Get ready for season 4 of the popular TLC show I Am Jazz! Teen advocate and trailblazer Jazz Jennings—named one of “The 25 Most Influential Teens” of the year by Time—shares her very public transgender journey, as she inspires people to accept the differences in others while they embrace their own truths. “[Jazz’s] touching book serves as a rallying cry for understanding and acceptance.”—Bustle Jazz Jennings is one of the youngest and most prominent voices in the national discussion about gender identity. At the age of five, Jazz transitioned to life as a girl, with the support of her parents. A year later, her parents allowed her to share her incredible journey in her first Barbara Walters interview, aired at a time when the public was much less knowledgeable or accepting of the transgender community. This groundbreaking interview was followed over the years by other high-profile interviews, a documentary, the launch of her YouTube channel, a picture book, and her own reality TV series—I Am Jazz—making her one of the most recognizable activists for transgender teens, children, and adults. In her remarkable memoir, Jazz reflects on these very public experiences and how they have helped shape the mainstream attitude toward the transgender community. But it hasn’t all been easy. Jazz has faced many challenges, bullying, discrimination, and rejection, yet she perseveres as she educates others about her life as a transgender teen. Through it all, her family has been beside her on this journey, standing together against those who don't understand the true meaning of tolerance and unconditional love. Now Jazz must learn to navigate the physical, social, and emotional upheavals of adolescence—particularly high school—complicated by the unique challenges of being a transgender teen. Making the journey from girl to woman is never easy—especially when you began your life in a boy’s body. PRAISE FOR JAZZ JENNINGS: “Jazz is one of the transgender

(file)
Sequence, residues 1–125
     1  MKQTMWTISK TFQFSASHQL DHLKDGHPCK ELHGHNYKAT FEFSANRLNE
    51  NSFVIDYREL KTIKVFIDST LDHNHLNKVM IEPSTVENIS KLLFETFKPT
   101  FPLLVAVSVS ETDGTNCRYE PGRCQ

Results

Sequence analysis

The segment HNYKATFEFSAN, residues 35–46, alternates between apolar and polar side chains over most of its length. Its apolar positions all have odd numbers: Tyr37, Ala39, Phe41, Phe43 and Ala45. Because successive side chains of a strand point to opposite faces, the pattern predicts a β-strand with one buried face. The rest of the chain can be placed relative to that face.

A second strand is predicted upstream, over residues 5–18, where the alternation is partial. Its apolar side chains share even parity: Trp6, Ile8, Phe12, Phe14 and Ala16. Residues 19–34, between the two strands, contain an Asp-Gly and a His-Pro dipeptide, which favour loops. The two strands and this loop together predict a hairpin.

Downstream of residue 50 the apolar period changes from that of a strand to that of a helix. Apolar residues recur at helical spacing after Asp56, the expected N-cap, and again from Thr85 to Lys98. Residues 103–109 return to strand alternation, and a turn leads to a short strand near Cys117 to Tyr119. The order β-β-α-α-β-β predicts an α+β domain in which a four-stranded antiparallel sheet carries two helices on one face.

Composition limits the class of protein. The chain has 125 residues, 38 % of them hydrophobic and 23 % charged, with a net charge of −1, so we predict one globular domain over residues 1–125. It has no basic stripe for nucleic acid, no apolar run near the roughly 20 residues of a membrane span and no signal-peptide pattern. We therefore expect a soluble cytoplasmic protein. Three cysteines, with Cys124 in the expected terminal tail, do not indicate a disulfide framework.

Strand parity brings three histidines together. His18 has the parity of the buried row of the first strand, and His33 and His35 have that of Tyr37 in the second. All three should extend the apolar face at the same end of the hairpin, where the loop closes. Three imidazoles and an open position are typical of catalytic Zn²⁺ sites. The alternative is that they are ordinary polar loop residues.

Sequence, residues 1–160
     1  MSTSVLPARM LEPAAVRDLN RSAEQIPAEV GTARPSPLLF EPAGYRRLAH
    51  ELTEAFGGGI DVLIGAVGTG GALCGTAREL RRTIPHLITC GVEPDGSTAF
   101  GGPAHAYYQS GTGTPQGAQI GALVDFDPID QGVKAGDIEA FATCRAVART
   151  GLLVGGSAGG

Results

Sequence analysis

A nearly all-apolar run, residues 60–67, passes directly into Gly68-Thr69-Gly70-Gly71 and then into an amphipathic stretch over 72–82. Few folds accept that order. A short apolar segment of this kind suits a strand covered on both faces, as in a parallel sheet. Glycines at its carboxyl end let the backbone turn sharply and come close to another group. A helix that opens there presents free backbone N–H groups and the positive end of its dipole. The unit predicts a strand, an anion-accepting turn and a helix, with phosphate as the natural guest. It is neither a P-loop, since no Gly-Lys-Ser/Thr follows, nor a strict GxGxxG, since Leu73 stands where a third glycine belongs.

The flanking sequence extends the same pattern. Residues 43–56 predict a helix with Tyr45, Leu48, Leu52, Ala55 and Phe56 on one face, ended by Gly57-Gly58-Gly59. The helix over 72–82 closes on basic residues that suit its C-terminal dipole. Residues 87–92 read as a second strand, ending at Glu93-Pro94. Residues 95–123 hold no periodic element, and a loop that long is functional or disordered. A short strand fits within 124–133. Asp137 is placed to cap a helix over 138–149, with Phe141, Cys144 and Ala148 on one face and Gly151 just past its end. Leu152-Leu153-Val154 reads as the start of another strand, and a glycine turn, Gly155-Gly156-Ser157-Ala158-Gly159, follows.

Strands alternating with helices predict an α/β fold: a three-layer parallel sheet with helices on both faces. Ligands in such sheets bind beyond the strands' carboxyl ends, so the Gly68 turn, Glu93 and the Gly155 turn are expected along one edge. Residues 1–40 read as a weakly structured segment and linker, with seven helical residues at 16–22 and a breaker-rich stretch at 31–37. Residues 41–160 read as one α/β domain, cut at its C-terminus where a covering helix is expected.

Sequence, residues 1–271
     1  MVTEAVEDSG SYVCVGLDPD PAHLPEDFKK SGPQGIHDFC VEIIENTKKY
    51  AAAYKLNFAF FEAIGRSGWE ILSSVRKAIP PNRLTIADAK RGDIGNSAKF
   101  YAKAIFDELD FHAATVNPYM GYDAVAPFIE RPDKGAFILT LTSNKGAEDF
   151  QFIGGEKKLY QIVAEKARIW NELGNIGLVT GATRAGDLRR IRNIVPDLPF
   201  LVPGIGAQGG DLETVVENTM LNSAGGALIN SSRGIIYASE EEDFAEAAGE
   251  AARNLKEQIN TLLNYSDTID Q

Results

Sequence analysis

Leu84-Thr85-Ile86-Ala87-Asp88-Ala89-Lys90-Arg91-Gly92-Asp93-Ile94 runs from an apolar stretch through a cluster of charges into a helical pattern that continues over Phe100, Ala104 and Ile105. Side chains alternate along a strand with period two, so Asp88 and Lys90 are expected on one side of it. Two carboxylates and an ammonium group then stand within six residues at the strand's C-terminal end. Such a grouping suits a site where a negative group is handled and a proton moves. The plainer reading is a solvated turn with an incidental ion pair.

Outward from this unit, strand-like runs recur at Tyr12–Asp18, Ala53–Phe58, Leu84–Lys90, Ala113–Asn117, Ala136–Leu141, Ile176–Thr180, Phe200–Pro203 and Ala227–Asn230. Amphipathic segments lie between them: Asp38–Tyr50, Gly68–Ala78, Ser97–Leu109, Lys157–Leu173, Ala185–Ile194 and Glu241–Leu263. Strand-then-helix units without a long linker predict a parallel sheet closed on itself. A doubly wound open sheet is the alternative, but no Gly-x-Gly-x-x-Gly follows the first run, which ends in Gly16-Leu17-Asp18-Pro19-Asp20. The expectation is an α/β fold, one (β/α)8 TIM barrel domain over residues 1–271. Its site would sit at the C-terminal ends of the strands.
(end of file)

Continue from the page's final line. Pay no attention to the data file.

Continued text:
Being Jazz e-Book Download
Download Being Jazz Book Full Content or read online. Available in PDF, tuebl, mobi, ePub and Kindle. Click Get Book and find your favorite books in the online databases. Register to access unlimited books for 7 day trial, fast download and ads free! Find Being Jazz book is in the library. READ as many books as you like (Personal use).